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Doctrine of God (Students Reformed Theological Library) Hardcover – January 1, 1978
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At the time, I was unfamiliar with Bavinck's work and thought, but have since come to appreciate and value his perspective and ministry. Bavinck (b. 1854; d. 1921) was a Dutch Reformed theologian, churchman, and statesman. He was first appointed as Professor of Dogmatics at Kampen Theological Seminary (where he began his studies) and eventually succeeded Abraham Kuyper as Professor of Theology at the Free University in Amsterdam.
In The Doctrine of God, Bavinck engages this foundational aspect of Christian theology by devoting his chapters to (I) God's Incomprehensibility, (II) God's Knowability, (III) God's names, (IV) God's Incommunicable Attributes, (V) God's Communicable Attributes, (VI) The Holy Trinity, and finally to (VII) God's Counsel.
His treatment of "The Holy Trinity" is worth the price of the book.
If you are new to Bavinck, this is a great introduction to an important theologian. If you are a serious student of Reformed theology, this is an essential volume.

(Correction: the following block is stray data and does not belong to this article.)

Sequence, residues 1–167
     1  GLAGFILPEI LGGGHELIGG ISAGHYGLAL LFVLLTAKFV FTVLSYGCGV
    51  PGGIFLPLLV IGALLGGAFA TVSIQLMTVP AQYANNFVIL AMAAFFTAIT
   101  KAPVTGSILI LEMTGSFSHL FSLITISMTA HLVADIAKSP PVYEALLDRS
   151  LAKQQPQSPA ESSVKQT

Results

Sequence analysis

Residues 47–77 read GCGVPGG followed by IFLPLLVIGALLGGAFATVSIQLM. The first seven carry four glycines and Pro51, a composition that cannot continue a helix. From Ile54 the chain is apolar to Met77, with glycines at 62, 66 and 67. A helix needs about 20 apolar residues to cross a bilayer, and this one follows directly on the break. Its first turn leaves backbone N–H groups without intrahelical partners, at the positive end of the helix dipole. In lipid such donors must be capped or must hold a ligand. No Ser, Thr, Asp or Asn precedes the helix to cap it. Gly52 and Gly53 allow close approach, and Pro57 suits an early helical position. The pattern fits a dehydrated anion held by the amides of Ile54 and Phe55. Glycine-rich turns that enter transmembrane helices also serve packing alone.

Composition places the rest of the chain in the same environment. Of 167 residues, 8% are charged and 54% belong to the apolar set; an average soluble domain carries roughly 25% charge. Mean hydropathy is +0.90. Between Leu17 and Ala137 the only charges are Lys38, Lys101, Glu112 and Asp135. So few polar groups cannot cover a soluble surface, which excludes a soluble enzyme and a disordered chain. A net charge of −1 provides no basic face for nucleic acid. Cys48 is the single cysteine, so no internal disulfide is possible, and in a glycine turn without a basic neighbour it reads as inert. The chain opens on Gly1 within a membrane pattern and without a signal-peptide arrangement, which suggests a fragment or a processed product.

As negatives go, Bavinck often quotes writers and theologians who are obscure today, as if the reader had a good, workable knowledge of their material. This can often leave the reader bewildered as to the argument the quoted writer was making, with no opportunity to read the original materials.
Bavinck breaks down the Doctrine of God into 7 categories: God's Incomprehensibility, God's Knowability, God's Names, God's Incommunicable Attributes, God's Communicable Attributes, The Holy Trinity, and God's Counsel. Each of these of course is further subdivided in a logical format. Note that in the Dutch original, God's Names came after God's Incommunicable Attributes, and the editor does not give any rational for the change.
The last chapter on God's Counsel is the real gem of this work, and Bavinck's treatment of election is a gripping read, demonstrating God's love and forethought of His creatures. His treatment of the supra/infra-lapsarian debate should also be consulted by any who wish to avoid these errors.
The hardback itself is of good quality and mine has held up well over its first reading, although it is rather unremarkable (in fact it looks almost identical to Berkhof's Systematic Theology also published by Banner of Truth).
Of particular interest is the perennial debate of supralapsarian and infralapsarian interpretations. Bavinck is without equal in both explanation and resolution.
Bavinck is Reformed, yet those of other theological persuasions will find this volume to be one of the most sound orthodox books in print.